Unlike fixed cameras, which are limited to a static view of the scene, active cameras are capable of changing their view by means of, for instance, rotation (pan and tilt) and zoom. Cameras with these particular capabilities are known as PTZ (pan-tilt-zoom) cameras, and are widely employed in surveillance for viewing and tracking under dynamic conditions. By shifting to and zooming on a target, PTZ cameras can capture fine-grained detail, such as face and hands. However, by focusing on a particular target, the overall view of the scene can be lost. This can be addressed by looking at multiple views, combining both fixed and active cameras. Coordinating these cameras in a robust manner remains a challenging problem.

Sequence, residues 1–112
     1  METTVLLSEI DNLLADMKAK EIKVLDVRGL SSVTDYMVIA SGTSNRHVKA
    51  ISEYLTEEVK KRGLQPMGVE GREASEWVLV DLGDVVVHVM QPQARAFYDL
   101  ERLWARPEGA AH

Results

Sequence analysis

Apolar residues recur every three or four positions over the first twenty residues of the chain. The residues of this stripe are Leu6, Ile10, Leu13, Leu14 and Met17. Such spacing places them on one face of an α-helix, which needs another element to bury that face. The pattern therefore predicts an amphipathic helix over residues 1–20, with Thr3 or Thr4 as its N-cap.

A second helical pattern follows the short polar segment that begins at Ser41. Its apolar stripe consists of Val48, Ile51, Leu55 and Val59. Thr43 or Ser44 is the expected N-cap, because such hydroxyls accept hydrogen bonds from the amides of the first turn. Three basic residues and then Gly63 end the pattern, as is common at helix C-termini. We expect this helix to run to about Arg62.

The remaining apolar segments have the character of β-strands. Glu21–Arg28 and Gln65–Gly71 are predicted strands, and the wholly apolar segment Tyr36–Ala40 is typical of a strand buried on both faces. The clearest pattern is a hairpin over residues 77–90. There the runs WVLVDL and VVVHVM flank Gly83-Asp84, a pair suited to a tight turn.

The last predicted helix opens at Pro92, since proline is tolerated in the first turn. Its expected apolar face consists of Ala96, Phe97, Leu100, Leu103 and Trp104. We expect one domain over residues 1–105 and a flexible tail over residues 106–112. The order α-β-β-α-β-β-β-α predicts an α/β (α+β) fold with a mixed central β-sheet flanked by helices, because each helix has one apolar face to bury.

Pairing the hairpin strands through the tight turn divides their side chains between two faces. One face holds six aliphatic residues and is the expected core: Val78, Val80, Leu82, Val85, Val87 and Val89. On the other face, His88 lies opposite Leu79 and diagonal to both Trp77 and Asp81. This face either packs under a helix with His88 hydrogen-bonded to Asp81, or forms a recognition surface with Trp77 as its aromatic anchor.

Camera coordination can be tackled in a robust manner by means of machine learning. This approach learns a mapping from each region on the view of the fixed camera to a pan, tilt and zoom on the active camera. In this manner, when a target is detected on the scene overview observed by the fixed camera, the active camera can be instructed to provide a high-resolution zoom on that target, since an adequate pan, tilt and zoom for this framing was learned during its training stage. This data-driven approach only requires training data, dispensing more laborious and error-prone tasks such as camera calibration.
|1.||(2018): Neural network control for active cameras using master-slave setup. In: International Conference on Advanced Video and Signal-based Surveillance (AVSS), pp. 1-6, 2018.|